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Leiden, fort (Gorontalo)

After the VOC took over Gorontalo from the kingdom of Ternate in 1681, Fort Leiden was initially its only stone fortification to guard the big and not easily controllable waters around North Sulawesi. The fort was built on the foundations of an earlier Portuguese fort, Ota, dating back to 1527, when Portugal had unsuccessfully tried to control the area. Several other smaller posts in the area consisted of simple earthen walls with a fence of bamboo or wood and a house for the officer (usually a sergeant). It was not until 1764 that the VOC got permission to build an additional stone fort, Nassauw, in Gorontalo, which became the center of their activities in the area. In 1766 fort Leiden was renovated and a lookout tower was built on the hill. The name was changed in fort Leiden. The rectangular fort had two round bastions. Today only the southeast bastion still exists. The original shape of the fort is unknown but the layout with two round bastions could be Portuguese. The walls are between 2 and 3.5 meter high and one meter thick. The fort was the seat of a VOC- appointed resident and a small garrison. Fort Leyden was abandoned at the end of the eighteenth century. In 1818 the Dutch came back. The fort was garrisoned by a sergeant and 12 soldiers, but was once again abandoned in 1832, when the soldiers were relocated to Soelamatta to control the delivery of gold to the government. Today, the fort is a tourist spot. Its present-day name, fort Oranje, cannot be traced to the Dutch period.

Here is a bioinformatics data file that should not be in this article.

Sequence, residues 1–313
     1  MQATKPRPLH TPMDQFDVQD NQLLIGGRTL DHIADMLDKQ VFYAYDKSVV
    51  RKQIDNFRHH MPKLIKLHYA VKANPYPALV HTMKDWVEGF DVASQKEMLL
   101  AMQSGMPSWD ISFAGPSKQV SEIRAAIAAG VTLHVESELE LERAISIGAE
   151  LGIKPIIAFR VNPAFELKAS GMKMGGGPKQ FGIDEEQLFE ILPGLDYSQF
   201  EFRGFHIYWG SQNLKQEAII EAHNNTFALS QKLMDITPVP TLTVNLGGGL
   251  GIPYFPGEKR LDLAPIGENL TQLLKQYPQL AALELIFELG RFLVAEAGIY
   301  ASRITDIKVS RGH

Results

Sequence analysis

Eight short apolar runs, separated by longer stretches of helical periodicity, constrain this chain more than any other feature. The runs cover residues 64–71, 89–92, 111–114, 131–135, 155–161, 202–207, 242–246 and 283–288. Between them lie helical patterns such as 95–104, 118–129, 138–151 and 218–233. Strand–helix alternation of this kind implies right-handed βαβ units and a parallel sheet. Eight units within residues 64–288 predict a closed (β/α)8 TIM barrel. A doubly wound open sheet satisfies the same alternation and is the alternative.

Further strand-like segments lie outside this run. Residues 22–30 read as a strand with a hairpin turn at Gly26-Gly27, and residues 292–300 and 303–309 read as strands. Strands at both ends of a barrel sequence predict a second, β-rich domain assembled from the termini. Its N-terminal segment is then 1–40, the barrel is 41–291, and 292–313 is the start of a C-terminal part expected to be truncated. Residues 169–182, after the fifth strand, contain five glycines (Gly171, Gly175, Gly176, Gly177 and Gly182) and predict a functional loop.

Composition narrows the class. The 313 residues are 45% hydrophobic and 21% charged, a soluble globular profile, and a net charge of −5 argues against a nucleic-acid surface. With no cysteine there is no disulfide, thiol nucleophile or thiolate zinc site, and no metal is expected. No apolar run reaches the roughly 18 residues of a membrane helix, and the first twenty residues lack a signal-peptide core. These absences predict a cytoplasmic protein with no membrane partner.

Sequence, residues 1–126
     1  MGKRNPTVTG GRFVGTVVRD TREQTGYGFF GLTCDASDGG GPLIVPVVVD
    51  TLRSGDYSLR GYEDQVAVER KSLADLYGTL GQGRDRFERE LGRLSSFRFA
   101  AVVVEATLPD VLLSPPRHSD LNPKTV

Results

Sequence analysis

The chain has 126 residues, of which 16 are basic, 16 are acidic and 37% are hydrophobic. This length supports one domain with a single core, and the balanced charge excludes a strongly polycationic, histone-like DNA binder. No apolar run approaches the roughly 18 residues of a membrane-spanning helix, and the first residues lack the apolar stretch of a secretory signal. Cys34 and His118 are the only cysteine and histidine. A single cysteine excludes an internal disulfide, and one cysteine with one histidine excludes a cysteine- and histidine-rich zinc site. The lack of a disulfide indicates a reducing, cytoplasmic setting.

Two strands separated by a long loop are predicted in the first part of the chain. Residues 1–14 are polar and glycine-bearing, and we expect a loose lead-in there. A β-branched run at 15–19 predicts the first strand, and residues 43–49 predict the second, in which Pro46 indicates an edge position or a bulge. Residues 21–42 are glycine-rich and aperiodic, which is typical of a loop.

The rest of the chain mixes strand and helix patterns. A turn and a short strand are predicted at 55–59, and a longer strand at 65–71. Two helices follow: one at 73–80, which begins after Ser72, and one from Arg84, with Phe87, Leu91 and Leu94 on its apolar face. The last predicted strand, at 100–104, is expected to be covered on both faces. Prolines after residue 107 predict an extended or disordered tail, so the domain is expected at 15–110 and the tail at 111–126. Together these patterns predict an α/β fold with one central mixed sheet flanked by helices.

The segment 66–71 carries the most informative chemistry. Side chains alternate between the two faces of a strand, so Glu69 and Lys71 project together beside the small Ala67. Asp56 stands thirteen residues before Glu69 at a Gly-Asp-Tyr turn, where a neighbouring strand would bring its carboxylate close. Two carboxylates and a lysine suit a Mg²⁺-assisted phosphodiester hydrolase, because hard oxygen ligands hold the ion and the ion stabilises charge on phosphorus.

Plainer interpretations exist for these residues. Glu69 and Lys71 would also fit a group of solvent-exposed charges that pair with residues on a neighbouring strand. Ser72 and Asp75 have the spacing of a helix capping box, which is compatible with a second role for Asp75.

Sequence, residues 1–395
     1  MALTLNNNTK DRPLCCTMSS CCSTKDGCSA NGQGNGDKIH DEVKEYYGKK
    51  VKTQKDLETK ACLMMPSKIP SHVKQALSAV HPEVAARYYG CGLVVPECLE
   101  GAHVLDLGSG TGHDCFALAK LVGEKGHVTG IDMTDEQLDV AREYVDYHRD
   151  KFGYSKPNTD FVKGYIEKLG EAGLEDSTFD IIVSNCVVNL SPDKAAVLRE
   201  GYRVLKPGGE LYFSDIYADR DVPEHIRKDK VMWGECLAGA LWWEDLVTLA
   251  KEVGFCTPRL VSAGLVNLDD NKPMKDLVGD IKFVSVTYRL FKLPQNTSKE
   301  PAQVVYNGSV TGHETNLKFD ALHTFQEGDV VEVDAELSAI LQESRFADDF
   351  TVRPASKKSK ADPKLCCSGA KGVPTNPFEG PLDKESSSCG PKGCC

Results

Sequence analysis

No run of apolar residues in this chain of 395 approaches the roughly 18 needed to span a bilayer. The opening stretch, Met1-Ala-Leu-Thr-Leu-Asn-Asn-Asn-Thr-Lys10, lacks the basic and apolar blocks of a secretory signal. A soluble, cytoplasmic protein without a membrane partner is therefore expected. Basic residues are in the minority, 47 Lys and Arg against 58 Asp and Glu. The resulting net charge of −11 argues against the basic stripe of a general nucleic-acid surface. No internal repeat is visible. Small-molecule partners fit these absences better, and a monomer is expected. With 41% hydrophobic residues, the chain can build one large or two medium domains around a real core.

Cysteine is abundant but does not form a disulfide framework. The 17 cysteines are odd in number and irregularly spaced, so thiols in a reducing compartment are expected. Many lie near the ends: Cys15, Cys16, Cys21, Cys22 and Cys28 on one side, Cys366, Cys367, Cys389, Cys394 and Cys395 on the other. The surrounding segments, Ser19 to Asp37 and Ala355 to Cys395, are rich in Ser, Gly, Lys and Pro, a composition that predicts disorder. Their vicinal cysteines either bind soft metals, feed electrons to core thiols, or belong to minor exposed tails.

build start

1527

1681

1766

build end

1527

1681

1766

period

Portuguese fort 1527, used by VOC from 1681, renovated 1766

material coral stone

lime

stone
historical name

Leiden, fort (Gorontalo)

Ota, fort

Oranje, fort

function Fort
location Gorontalo